Tanya is the first to admit that her music defies description. Alternately called primal, orchestral or free jazz, almost all of her performances are improvised and, as she confesses, “It feels like I dial in another frequency. I go to places where I surrender to all that terrifies and excites me.” The end result is a staggering array of music performance that portray in full colour sound the scope of her life experiences.

Born and raised in Cambridge Bay, Nunavut in Canada’s high arctic, Tanya grew up surrounded by Inuit and western culture. Although traditional music was always on the periphery, it was the sounds of pop giants such as Janis Joplin and the Doors that first captured her imagination. It wasn’t until her teenage years, while away at school, that she began experimenting with Inuit throat singing. She gradually developed her own solo style, fusing her contemporary interests with the ancient artform. Her first professional gig at a festival in Inuvik won the admiration of friends of the great Icelandic singer Bjork, eventually leading to an appearance on the artist’s 2004 CD, Medulla and a chance to accompany her on tour. The rest, as they say, is history.

As a solo artist, Tanya has released two critically-acclaimed albums with her band – Sinaa and Auk/Blood – both of which were nominated for Juno Awards (Best Aboriginal Recording) and (Best Instrumental Recording).

An Evening of Culture and Drumming

Wednesday, July 17, 2013 1:30 PM

Join us for an evening of cultural entertainment; not to be missed!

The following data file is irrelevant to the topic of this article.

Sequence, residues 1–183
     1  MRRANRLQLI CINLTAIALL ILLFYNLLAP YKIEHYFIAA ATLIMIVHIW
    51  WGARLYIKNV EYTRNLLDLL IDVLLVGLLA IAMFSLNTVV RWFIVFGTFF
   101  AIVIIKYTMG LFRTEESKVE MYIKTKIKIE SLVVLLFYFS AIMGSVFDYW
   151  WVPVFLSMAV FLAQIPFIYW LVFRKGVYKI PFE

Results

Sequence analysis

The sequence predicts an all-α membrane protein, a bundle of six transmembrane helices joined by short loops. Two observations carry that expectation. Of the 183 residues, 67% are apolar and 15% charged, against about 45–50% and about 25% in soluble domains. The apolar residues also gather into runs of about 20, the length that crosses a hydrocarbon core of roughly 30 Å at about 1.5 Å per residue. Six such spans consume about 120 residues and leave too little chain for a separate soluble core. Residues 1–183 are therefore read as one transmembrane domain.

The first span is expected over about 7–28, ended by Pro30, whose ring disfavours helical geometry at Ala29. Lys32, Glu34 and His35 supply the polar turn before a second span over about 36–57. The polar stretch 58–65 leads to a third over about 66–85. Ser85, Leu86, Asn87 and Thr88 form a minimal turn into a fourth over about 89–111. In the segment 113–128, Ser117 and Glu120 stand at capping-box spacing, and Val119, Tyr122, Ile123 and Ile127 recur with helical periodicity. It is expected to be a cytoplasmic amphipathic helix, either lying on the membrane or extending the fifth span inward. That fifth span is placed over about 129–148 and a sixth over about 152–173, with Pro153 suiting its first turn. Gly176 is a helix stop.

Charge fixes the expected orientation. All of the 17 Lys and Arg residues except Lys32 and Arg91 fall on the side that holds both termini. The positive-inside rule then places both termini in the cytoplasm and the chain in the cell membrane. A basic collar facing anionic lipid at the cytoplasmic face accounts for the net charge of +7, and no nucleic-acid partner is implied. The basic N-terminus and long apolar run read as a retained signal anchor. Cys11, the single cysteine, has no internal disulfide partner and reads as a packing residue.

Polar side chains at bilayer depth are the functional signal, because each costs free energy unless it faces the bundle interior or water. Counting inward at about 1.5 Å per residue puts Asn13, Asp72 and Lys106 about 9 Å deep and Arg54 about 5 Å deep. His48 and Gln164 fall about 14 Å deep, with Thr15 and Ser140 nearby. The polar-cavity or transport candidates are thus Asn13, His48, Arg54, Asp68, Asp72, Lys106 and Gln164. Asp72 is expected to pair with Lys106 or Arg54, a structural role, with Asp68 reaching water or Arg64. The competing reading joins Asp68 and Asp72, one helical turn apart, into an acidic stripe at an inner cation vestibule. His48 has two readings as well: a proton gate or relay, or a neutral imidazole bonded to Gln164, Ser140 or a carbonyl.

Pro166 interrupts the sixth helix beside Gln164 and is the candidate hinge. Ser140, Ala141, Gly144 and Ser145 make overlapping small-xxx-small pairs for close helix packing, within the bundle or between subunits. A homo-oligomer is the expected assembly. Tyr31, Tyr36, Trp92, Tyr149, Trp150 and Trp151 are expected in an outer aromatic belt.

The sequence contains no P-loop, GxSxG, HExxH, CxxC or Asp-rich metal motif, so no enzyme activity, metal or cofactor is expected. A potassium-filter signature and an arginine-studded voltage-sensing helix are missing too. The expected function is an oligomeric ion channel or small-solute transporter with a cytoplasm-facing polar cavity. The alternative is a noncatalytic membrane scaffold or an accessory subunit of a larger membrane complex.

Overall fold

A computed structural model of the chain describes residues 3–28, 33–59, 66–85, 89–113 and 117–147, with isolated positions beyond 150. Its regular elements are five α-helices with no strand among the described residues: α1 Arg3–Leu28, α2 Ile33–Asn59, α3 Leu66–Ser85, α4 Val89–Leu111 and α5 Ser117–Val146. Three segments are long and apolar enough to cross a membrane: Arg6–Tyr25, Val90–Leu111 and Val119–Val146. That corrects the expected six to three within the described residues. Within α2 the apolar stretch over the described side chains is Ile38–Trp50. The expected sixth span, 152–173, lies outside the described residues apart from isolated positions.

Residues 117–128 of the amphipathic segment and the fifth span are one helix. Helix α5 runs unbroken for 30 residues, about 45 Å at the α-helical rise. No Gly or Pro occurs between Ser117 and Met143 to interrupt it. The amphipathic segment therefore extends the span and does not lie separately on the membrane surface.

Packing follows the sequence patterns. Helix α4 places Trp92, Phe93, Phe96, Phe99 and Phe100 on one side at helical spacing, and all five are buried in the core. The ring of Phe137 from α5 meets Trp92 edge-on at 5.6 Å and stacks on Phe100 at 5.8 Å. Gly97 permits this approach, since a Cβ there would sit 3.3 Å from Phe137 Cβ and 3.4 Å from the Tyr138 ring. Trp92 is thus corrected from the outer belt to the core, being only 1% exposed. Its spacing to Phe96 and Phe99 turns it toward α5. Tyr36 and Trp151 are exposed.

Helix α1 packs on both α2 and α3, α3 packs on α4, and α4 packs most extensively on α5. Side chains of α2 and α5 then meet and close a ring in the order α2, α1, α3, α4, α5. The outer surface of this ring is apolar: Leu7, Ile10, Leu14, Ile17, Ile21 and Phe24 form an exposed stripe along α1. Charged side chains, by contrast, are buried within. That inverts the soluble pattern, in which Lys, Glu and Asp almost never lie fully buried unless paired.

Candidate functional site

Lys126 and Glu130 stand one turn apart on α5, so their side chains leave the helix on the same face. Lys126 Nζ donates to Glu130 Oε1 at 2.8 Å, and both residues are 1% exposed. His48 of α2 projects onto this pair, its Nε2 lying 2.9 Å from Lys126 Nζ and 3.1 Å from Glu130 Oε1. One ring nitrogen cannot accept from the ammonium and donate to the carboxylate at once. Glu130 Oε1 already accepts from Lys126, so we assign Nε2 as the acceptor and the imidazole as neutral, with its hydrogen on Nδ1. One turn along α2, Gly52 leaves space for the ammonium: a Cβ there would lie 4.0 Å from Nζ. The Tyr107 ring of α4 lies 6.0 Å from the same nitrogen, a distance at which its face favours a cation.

Inuvik Drummers & Dancers

The Inuit who live in the western Arctic regions of Canada are known as the Inuvialuit. From early times, the Inuvialuit have used songs and chants to recount legends, stories, and traditions. Drum dancing is flourishing in the communities of Aklavik, Inuvik, Paulatuk, Tuktoyaktuk and Ulukhaktok.


Throat Singers: Cynthia and Charlotte

Thursday, July 18, 2013 1:30 PM
Cynthia Pitsiulak and Charlotte Qamaniq are urban Inuit who were born and raised in Nunavut, but have made their home in Ottawa. They have 7 years of experience performing both traditional Inuit throat songs as well as more contemporary styles of throat singing. Both have performed nationally and internationally, independently as well as in collaboration with other artists, best known for their CD release in 2007 called 'Tumivut' - a music project that marries traditional Inuit throat singing with multiple styles of music. Experience a glimpse of the Northern Arctic by listening to Katajjaq - the sounds of traditional throat songs by the performance of these Inuit women.

Old Tyme Dance & Jigging Contest with James Rogers and the Delta Goodtimes Band

Friday, July 19, 2013 2:30 PM

James Rogers is a born musician. He fashioned his first guitar from a piece of snare wire nailed to a chunk of shiplap. After plucking out a Johnny Horton song, James was hooked on the sound of music. Rather than trap muskrats like his brothers, James would hide out in the shed trying to play along to an old record player. Soon, James picked up a fiddle. If you don’t know it by now, the fiddle is the king in this part of the country. A guy could get any girl he wanted if he could play “Backup and Push.” You can’t possibly waltz a two step of jig a jig without James Roger and the Delta Good Times Band .

Join us for a night of dancing and a highly anticipated Jigging contest with cash prizes! 

Arctic Fashion Show

Saturday, July 20, 2013 2:30 PM

Featuring our artists and local models wearing fashions representing every facet of Northern culture and creativity!  Northern fashion has a unique perspective:  practical, fanciful, exotic, luxurious and always chic! It is sure to be an evening of fashion and beauty. Expect some fabulous historical and contemporary collections for this year's Anniversary Celebration!  The Arctic Fashion show is an event not to be missed.

Don't Miss Events

This page showcases our evening entertainment.  Our Daily Schedule with more info on workshops and gallery operating time will be posted mid May 2013.  Check back often!